40-Year Veteran Nurse Reflects on a Career Spent Helping

40-Year Veteran Nurse Reflects on a Career Spent Helping

Montanjees found grounding when she abandoned her flight attendent dreams for nursing

Tom Barnidge | Contra Costa Times

December 22, 2009

When Nora Montanjees graduated from Carondelet High School in 1969, wanderlust in her heart, she envisioned herself seeing the world as a flight attendant.

“They were called stewardesses then,” she said.

Because, at 17, she was not old enough and because her mother, a nurse, had loftier visions, she instead was persuaded to attend nursing school.

Forty years later, 38 of them spent mostly in emergency rooms and intensive care units, Montanjees is an authority on the rewards and demands of the profession she came to love. She said it’s like riding a roller-coaster, long periods of quiet followed by frantic spikes of unimaginable pressure.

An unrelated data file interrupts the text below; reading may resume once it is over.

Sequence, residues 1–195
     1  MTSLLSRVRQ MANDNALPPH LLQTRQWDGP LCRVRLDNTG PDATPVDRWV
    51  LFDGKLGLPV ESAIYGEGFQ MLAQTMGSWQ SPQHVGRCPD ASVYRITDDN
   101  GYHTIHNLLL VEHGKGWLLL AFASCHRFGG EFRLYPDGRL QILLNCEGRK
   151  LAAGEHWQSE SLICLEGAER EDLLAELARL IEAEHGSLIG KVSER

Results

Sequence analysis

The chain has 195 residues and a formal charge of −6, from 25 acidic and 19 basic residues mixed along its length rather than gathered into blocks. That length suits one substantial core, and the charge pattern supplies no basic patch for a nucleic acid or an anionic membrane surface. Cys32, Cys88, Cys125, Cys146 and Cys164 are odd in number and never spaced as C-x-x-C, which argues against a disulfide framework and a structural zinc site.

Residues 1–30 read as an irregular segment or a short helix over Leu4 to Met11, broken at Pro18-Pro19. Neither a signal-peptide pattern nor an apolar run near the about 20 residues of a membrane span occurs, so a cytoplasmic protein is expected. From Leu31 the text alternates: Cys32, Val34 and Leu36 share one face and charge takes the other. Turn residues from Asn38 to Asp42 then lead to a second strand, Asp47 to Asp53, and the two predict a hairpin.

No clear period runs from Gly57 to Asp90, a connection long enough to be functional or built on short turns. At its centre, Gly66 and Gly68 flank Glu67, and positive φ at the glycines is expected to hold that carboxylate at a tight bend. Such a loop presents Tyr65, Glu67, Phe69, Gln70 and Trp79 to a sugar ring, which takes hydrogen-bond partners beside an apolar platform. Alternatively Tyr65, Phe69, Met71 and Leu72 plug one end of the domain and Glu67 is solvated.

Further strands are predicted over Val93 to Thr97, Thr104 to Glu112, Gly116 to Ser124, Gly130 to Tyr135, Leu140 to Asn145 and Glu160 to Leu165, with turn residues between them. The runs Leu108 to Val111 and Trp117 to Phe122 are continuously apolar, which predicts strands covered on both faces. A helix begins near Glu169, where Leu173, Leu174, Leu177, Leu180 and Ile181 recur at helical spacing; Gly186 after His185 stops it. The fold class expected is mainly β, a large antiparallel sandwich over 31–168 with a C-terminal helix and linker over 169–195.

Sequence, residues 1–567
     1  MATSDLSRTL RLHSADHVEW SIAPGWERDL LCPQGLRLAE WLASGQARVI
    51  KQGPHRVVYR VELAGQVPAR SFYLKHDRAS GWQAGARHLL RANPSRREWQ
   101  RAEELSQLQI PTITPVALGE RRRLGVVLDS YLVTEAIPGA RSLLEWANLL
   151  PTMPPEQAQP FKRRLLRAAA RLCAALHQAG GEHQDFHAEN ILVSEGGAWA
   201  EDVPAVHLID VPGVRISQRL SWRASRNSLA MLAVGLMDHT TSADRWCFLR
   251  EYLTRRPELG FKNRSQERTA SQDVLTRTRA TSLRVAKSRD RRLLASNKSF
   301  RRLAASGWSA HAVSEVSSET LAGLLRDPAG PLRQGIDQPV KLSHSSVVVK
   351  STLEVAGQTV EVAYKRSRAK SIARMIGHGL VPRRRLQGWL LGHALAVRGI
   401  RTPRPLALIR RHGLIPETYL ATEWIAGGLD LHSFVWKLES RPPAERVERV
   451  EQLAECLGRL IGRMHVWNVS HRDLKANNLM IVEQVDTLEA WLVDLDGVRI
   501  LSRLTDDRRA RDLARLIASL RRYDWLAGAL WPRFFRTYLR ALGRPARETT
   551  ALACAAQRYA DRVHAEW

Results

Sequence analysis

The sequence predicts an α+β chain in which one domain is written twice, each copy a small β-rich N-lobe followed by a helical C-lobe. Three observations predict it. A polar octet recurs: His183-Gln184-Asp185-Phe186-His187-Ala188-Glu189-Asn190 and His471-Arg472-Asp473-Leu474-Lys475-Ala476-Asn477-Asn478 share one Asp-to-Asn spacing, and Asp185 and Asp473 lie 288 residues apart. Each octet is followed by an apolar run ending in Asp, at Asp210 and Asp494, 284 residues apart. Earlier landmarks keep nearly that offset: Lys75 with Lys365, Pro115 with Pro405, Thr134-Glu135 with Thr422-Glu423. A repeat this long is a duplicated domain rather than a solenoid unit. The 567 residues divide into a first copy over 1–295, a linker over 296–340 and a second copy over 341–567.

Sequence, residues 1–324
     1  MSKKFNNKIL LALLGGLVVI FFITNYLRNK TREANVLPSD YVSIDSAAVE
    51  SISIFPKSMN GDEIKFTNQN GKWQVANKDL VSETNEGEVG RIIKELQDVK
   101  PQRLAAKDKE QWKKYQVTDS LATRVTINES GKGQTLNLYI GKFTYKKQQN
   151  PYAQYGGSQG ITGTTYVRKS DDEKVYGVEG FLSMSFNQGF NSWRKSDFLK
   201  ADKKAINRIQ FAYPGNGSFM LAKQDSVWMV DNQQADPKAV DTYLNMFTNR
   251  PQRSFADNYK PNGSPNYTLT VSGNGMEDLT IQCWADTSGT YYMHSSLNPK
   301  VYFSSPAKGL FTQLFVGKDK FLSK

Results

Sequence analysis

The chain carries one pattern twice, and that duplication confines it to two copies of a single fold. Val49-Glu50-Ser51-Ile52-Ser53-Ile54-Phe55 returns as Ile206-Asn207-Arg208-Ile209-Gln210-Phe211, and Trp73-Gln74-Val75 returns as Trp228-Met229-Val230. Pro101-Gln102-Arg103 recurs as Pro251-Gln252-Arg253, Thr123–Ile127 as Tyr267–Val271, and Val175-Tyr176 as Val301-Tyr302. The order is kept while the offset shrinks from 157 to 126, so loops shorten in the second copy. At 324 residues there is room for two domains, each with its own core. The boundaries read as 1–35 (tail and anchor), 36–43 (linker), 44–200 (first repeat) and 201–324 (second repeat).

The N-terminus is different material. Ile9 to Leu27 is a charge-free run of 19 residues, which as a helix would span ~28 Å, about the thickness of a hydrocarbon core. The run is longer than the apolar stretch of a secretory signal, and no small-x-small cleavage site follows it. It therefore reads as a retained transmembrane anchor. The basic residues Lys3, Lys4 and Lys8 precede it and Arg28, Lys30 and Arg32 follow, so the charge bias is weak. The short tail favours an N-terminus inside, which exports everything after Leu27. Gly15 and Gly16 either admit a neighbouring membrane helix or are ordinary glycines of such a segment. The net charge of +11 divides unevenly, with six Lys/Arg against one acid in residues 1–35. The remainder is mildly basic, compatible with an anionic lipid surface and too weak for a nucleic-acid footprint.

“You’re pulled in a lot of different directions,” she said. "One instant, your patient’s fine. The next, he’s in cardiac arrest. In ER, you can get two ambulances pulling up to the door at the same time. A lot of things can go wrong.

“But, it’s very rewarding when you do CPR and you get a pulse.”

The Martinez resident said the ER always seemed busier on holidays and weekends, but the worst often was Mother’s Day.

“Everybody gets together with mom, and maybe they’re not happy to be there, and there’s usually alcohol involved. That leads to fights,” she said, shaking her head.

Then, it’s off to the ER. Happy Mother’s Day, mom.

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